Whereas both feedback messages signal information belonging to the same protocol state, it is possible for NACK signals to be used to exclusively trigger retransmissions, while ACK signals do not trigger the removal of a corresponding data unit from the send buffer. This is due to the fact that 1-bit ACK/NACK messages are not reliable; if a NACK is interpreted by the transmitter as an ACK, the transmitter would advance the transmit window or remove data units from the send buffer, leading to unrecoverable data loss. To avoid that, preferably only reliable Status Messages can trigger the removal of data from the transmitter send buffer.
As described supra, the ACK and NACK feedback can be 1-bit. A potential problem with using single bit acknowledgement messages, however, is that a NACK may be incorrectly received as an ACK; i.e., the receiver 103 does not receive a data unit correctly and responds with a NACK signal, but the transmitter 102 interprets this signal as an ACK and incorrectly assumes that the data has been received correctly. Assuming that the protocol is operated asynchronously (i.e., retransmissions are not sent with a fixed offset to reception of a NACK), the receiver 103 will not know when to expect a retransmission of the incorrectly received data unit; thus, it is impossible for the receiver to immediately detect that a NACK to ACK error occurred. To solve this problem, a timer at the receiver can be used that is started upon reception of a non-successful transmission; alternatively, the timer can be started when the corresponding NACK is transmitted or at similar related events. The timer is stopped if the expected retransmission is received and the data can be decoded successfully. The timer is restarted, however, if a retransmission is received and the data can still not be decoded; i.e., the transmission errors persist. An error in the transmission of the feedback is indicated if the timer expires before the expected retransmission is received. Upon such an error, the feedback is then retransmitted using a second feedback mechanism. Furthermore, if new data is received instead of the expected retransmission, the receiver retransmits the feedback using a second feedback format and stops the timer.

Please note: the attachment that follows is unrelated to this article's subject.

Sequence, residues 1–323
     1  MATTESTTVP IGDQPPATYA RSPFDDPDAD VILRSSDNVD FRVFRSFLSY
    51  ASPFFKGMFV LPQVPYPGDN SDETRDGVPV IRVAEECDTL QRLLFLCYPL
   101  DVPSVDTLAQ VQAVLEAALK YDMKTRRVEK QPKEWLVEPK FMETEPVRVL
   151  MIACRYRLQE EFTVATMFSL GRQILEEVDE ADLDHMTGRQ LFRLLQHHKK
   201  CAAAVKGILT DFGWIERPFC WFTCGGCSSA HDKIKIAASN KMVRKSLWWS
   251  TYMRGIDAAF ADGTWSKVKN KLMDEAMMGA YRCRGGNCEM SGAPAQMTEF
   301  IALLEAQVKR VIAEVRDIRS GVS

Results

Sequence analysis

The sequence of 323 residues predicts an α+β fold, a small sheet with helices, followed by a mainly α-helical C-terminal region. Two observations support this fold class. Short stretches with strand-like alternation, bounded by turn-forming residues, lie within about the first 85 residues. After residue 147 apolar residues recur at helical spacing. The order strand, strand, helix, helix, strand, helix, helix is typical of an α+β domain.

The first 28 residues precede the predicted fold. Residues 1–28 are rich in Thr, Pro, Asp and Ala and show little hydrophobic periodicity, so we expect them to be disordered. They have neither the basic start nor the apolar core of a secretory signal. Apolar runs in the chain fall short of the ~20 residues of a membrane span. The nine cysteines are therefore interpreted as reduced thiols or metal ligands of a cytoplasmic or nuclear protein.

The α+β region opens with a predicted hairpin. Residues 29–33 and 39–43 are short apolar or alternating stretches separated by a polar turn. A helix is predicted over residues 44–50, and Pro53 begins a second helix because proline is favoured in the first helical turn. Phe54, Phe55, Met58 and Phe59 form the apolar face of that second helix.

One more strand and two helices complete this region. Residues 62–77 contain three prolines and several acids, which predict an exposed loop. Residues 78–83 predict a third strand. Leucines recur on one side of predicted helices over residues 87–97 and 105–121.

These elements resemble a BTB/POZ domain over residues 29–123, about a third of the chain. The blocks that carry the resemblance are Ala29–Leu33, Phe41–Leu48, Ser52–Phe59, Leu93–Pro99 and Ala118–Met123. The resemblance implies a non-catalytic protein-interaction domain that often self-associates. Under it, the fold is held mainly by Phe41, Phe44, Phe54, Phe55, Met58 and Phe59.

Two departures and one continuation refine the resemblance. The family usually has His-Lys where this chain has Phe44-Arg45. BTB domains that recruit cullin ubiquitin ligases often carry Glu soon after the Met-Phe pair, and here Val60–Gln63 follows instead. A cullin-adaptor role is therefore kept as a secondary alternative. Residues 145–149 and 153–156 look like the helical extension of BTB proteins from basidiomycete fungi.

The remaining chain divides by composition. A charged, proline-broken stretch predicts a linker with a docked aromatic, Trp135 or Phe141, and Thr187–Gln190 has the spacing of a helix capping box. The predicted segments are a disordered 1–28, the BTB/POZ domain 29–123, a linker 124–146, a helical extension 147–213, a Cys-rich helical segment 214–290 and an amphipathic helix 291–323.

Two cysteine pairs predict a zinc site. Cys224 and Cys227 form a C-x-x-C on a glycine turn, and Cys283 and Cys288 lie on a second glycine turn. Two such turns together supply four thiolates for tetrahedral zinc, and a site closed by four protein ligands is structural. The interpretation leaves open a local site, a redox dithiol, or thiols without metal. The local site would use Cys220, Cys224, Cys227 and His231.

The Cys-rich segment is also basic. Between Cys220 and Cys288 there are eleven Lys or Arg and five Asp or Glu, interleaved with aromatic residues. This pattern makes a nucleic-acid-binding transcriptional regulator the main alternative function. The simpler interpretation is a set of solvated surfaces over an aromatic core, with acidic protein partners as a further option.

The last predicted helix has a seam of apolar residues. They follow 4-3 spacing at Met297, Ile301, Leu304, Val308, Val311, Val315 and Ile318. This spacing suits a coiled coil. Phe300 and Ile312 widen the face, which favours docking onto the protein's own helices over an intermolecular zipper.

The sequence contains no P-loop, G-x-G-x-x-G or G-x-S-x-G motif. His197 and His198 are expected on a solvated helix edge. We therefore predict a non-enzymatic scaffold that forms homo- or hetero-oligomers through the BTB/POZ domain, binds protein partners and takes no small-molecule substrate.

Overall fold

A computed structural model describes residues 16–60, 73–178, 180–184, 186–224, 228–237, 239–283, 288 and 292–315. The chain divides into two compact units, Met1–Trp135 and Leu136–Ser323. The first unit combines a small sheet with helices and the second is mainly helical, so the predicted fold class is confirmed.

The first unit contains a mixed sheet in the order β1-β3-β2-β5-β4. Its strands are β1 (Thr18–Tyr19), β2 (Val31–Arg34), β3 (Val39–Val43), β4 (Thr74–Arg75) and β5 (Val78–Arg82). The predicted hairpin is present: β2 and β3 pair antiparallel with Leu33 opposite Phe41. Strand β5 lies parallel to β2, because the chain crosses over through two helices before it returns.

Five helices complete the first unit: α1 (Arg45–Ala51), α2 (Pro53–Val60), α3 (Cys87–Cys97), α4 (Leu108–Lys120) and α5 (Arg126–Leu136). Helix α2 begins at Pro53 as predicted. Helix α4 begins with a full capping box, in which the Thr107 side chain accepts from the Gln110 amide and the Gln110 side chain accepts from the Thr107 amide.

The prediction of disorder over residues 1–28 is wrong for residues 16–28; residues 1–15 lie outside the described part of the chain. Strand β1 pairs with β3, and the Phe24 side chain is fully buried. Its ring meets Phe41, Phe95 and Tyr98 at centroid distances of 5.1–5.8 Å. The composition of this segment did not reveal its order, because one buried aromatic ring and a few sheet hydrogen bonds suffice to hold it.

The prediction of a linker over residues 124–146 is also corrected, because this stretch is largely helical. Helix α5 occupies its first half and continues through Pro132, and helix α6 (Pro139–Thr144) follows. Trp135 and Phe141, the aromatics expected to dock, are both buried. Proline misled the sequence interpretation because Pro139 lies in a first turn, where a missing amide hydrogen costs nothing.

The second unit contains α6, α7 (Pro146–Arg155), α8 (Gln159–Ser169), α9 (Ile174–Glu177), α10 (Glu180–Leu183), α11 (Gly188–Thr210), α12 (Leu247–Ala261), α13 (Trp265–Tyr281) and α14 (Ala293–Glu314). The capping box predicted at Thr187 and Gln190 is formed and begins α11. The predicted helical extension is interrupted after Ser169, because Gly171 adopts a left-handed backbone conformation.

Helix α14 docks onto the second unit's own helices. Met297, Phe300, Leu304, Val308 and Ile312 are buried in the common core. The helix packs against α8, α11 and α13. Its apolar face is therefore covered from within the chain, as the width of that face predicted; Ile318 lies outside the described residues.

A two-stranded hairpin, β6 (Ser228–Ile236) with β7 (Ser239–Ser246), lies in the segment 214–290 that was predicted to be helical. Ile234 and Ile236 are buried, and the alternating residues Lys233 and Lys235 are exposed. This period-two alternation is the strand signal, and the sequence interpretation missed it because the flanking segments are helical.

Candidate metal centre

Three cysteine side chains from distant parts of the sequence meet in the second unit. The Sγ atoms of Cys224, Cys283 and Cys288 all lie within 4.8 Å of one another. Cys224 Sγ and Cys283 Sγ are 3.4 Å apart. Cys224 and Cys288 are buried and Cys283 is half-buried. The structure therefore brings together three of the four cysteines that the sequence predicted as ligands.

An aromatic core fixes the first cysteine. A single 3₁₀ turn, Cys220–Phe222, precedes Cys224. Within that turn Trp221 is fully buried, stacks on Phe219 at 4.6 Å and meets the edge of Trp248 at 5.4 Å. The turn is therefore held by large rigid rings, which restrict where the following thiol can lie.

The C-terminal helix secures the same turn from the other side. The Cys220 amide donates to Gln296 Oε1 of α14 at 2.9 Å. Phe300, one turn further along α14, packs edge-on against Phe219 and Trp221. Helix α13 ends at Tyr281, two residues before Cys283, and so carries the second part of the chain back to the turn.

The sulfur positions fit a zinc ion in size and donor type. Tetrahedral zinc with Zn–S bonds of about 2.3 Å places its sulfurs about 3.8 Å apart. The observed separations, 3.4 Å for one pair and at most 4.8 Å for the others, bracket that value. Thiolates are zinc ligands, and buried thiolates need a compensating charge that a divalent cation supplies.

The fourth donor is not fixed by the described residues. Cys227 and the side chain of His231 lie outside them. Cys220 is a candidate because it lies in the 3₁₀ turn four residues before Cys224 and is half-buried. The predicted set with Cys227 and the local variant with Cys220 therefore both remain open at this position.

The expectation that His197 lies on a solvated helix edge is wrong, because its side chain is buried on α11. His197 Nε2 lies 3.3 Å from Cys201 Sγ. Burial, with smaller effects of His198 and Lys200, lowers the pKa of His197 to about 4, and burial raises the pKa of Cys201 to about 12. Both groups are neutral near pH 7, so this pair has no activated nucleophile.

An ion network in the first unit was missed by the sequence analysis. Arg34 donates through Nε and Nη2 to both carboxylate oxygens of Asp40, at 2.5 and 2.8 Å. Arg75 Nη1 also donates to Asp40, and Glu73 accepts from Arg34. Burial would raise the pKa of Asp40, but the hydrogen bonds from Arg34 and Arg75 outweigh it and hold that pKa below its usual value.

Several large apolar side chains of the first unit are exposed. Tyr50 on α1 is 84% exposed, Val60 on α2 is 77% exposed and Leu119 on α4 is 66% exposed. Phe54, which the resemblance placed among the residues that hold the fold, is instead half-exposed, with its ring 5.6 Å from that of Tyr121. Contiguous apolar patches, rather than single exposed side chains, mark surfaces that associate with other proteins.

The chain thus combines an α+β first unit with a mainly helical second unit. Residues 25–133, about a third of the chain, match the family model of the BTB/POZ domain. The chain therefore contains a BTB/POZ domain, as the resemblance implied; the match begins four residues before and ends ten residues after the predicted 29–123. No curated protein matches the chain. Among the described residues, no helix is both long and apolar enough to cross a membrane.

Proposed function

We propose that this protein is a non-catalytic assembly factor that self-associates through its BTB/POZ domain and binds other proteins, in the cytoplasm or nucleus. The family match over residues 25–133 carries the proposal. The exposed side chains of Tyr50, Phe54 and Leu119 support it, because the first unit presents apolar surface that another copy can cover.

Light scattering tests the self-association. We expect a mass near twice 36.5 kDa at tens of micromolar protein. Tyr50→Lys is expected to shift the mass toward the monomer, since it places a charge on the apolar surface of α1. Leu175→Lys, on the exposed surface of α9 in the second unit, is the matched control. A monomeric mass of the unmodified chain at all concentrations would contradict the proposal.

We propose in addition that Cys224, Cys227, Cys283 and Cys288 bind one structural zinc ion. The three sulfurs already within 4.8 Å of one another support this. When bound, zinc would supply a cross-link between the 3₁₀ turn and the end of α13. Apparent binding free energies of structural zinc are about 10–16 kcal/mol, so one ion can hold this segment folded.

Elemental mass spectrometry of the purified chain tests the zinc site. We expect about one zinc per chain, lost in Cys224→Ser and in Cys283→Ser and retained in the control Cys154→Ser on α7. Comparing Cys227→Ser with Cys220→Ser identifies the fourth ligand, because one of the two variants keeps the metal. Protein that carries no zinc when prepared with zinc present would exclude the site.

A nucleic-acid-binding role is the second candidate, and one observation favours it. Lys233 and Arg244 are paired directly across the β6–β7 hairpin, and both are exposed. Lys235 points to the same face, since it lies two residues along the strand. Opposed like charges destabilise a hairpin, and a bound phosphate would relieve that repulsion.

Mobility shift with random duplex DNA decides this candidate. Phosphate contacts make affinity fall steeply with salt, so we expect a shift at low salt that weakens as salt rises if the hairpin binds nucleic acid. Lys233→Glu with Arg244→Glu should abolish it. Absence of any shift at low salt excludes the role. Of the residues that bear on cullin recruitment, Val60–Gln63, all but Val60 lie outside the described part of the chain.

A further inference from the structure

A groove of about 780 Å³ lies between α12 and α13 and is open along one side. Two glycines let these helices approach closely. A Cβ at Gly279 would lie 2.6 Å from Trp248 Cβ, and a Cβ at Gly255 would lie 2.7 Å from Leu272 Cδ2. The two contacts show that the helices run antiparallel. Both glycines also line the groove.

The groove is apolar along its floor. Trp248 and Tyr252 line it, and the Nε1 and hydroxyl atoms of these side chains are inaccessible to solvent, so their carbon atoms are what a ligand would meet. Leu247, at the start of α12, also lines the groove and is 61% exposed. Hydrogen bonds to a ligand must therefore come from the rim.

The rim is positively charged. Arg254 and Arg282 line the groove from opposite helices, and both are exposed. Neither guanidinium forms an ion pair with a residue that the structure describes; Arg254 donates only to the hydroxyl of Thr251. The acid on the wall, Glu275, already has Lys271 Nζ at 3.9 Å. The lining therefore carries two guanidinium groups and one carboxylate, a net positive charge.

Turning now to
The principles of the invention can be modified in accordance with certain additional features. In one alternative embodiment, the second feedback format may only be sent for data (flows) that require high reliability. In another embodiment, the transmission of Status Messages can be triggered depending on the reliability of the ACK/NACK feedback. Based on the decoding of the ACK/NACK feedback, the transmitter can determine the reliability of the ACK/NACK messages. For very reliable (“certain”) ACKs, there may be no need to send any Status Messages; in such cases, the transmitter and receiver windows can be advanced without any higher level Status Messages. Upon reception of an “uncertain” ACK/NACK, however, the transmitter can send a request for a Status Message to update its protocol state with more reliable feedback. In one embodiment, a “poll” for a Status Message is realized within the signalling for the ARQ (e.g., using out-band signalling) to achieve a fast request for status. As an alternative, the poll could be indicated with a flag in a data unit.